We try to write 1 to 3 website posts per week.
A YouTube video takes however long it takes to make the recipe and film it. Then the video has to be edited to remove repetitive motions, noise, mistakes, etc.
A voiceover has to be done and sometimes it takes a while to get it right. The video then has to be resized and reformatted a bit to fit into the various uses it has and, finally, posted to YouTube with an explanation, so that it’s picked up by the YouTube bots and the video can be found by viewers.
Her Email List
We do have an email list and we grow it by asking people to share the news on our website, YouTube channel, and social media sites.
Our newsletter has about 10,000 readers, give or take. We use ConvertKit to manage the email list. I’m just going to warn you, it isn’t cheap. That said, it’s easy and I need less hassle in my life, so it is worth the fees.
You can find many other email management tools out there that are a lot more affordable. Any will work. ConvertKit works for me though.
We send one email per week reviewing the recipes we’ve written that week, or if it isn’t anything particularly interesting, then instead I focus on something like “summer salads” or something of current interest.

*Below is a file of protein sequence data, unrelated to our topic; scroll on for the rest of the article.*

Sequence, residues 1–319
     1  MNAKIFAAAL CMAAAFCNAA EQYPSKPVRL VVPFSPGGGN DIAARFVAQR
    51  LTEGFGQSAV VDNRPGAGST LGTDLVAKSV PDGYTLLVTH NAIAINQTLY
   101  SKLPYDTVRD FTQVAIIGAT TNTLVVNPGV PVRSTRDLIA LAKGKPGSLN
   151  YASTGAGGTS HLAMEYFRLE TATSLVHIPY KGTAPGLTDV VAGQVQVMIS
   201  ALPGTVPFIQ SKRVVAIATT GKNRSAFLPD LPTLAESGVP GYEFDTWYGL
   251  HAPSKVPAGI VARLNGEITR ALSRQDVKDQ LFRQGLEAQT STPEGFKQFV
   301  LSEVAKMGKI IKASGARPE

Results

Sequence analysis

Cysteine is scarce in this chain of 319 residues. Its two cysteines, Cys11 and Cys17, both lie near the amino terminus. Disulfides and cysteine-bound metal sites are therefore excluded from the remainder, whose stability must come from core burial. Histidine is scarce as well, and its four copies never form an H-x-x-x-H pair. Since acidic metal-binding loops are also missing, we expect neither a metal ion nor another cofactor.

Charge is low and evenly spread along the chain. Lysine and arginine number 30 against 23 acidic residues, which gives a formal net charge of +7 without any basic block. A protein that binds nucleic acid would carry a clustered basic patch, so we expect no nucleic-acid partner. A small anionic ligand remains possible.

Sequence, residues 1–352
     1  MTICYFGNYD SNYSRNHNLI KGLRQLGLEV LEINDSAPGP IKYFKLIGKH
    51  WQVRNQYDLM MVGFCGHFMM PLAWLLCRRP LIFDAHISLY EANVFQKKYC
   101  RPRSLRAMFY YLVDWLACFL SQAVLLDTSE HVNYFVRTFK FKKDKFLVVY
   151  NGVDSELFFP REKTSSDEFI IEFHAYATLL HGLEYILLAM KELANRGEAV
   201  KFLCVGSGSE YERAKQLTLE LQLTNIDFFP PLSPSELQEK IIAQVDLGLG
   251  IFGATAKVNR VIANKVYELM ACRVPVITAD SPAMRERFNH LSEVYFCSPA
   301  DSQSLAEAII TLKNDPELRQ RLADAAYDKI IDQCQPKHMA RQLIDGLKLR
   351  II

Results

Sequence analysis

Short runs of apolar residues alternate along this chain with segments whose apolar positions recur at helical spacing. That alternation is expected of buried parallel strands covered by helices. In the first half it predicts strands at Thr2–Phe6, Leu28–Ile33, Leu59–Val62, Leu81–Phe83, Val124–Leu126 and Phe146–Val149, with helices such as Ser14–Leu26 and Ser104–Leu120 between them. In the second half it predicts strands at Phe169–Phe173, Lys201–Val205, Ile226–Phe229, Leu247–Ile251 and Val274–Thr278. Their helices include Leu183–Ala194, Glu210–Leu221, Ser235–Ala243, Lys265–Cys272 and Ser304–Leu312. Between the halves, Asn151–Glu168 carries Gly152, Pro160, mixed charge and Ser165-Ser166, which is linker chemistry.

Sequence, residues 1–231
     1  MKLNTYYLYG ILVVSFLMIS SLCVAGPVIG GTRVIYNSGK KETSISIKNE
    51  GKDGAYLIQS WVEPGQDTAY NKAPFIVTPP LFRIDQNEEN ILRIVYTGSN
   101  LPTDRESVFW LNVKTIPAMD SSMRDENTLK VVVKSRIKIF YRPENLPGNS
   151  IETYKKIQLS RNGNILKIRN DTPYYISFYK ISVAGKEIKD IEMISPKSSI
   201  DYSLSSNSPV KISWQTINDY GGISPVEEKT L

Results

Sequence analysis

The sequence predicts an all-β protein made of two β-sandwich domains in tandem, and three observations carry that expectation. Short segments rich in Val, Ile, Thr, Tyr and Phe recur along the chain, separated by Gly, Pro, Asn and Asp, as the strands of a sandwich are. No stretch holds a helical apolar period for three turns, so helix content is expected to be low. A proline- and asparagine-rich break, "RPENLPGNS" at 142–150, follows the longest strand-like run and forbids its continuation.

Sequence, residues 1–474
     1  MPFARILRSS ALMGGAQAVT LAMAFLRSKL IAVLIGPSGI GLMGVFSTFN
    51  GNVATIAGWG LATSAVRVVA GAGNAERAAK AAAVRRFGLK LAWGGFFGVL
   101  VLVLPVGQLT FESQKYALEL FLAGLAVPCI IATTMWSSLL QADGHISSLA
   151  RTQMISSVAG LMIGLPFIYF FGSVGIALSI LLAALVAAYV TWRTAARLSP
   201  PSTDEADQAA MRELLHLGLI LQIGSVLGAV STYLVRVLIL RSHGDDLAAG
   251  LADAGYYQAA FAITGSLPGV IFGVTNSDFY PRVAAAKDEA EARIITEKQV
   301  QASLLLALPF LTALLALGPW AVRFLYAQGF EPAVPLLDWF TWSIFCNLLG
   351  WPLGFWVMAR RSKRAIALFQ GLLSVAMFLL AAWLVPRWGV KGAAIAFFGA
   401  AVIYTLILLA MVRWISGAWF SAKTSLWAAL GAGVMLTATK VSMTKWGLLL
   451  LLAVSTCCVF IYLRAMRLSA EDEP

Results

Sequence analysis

I do have a few tips on growing an email list.
First, while I personally can’t stand pop-ups asking for someone to sign up for the email list, I find that this one works. I have an exit intent pop-up asking for the email sign and I offer a free booklet with the sign-up. The pop-up knows if someone has visited in the past week and won’t pop up again within that one week.
Second, when I write an email, I make it personal to just one person. For example, I never start out with “Hi everyone! Just wanted to update everyone on what we are doing this week.”
Doesn’t that sound impersonal and like I’m just trying to fan the flames of my own popularity? Like I think everyone in the world is enthralled with my little kitchen? How egocentric.
Instead, start out with something like this…”Good morning sweet stuff! Isn’t it a beautiful day out today? The birds are singing and the sun is rising! What have you been cooking in your kitchen? I would love to hear from you, feel free to drop me a line by clicking reply to this email. I promise to answer back as soon as possible. Did you have a question about how to cook chicken pieces in a pan? I’ve got an answer….”.
Third, ask your readers to share the email with their friends and recommend your website to their friends.
And fourth, thank your readers for spending some of their precious time with you. They didn’t have to, after all, right? Tell them how awesome they are.
Her Favorite Resources
There are several resources that I’ve found to be invaluable over the years.
For someone looking to build a food blog, I would recommend…